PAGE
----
Since 2015, same-sex couples around the country, including Florida, are now able to marry and enjoy all the rights granted to their opposite-sex counterparts. However, if you and your partner are considering getting married, you may still have some confusion about what those rights entail and what benefits the two of you stand to gain if you get married.
While it may not be a good option for every couple, FindLaw explains that marriage offers same-sex couples benefits previously denied them in terms of government benefits, joint ownership of property and estate planning.
Benefits from the government
A lot of benefits that the government provides, including health care benefits, nursing home care, Social Security benefits and unpaid leave to care for a family member, are exclusively available to married couples. The Supreme Court ruling on Obergefell v. Hodges in 2015 guarantees all same-sex married couples the right to take advantage of these benefits.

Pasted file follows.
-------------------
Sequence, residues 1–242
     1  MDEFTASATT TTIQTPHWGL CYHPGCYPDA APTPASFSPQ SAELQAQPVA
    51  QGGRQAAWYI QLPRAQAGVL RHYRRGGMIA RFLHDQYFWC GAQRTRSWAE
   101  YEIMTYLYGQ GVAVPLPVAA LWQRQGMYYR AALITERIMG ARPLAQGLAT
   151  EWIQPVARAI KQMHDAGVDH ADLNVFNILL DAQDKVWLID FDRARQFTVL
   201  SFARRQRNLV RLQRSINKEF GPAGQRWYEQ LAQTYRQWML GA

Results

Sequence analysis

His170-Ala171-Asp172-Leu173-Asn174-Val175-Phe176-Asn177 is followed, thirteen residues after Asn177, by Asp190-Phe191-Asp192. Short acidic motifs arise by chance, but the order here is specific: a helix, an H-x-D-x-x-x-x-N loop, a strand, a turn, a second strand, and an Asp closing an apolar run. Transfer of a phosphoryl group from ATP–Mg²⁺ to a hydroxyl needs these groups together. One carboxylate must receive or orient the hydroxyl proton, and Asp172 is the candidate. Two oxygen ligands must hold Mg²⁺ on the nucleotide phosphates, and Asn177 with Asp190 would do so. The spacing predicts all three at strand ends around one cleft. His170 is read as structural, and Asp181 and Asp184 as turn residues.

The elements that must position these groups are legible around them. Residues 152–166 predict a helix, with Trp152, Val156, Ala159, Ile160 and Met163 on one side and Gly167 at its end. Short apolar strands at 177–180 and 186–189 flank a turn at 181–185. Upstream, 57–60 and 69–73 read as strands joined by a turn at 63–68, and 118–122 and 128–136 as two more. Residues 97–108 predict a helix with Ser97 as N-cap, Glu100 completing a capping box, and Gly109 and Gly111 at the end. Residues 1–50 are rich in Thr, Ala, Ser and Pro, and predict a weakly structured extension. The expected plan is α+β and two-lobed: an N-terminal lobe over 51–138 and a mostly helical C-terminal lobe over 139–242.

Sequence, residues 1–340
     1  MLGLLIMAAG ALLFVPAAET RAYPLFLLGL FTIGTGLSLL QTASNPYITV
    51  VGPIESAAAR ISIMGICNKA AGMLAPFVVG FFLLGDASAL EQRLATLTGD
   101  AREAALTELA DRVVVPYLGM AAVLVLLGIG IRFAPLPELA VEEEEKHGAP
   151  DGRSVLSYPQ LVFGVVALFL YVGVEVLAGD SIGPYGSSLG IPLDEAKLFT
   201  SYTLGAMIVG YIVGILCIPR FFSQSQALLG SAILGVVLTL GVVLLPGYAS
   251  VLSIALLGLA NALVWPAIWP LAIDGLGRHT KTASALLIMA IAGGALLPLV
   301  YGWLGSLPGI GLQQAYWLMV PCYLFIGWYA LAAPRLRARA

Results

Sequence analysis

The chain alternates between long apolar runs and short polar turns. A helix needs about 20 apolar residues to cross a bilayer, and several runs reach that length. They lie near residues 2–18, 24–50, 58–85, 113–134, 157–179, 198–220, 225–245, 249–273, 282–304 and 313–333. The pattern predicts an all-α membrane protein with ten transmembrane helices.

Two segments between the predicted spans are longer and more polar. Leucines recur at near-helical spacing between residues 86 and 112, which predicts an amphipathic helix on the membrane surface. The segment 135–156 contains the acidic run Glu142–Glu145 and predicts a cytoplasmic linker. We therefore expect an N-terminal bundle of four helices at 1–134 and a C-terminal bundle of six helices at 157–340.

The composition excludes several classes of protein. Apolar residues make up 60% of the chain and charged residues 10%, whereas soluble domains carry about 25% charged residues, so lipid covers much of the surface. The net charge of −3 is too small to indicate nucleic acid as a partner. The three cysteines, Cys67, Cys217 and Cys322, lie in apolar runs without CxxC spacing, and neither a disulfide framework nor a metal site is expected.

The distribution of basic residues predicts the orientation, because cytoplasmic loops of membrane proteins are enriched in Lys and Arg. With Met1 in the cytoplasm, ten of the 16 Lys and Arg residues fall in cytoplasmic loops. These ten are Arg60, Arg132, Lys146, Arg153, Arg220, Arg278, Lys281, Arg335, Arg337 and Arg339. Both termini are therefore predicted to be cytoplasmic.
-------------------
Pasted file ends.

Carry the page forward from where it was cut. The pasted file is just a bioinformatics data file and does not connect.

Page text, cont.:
Joint ownership of property
Married couples enjoy an equal share of all property and assets acquired during the marriage. Be aware, however, that this also applies to debt liability, which may make marriage an unattractive option for some couples.
Transfer of property upon death
Prior to the Obergefell decision, same-sex couples who wanted the transfer of parental and property rights to the surviving partner following a death had to expend a great deal of money and time to ensure those rights for their partners. Marriage equality presupposes that the right of a husband or wife to inherit from an opposite-sex spouse now applies to same-sex spouses as well.
Couples should not take the decision to marry lightly, nor should they marry solely to receive certain benefits. However, if you do decide to get married, you can take advantage of all the rights that the government offers to you.
The information in this article is not intended as legal advice but provided for educational purposes only.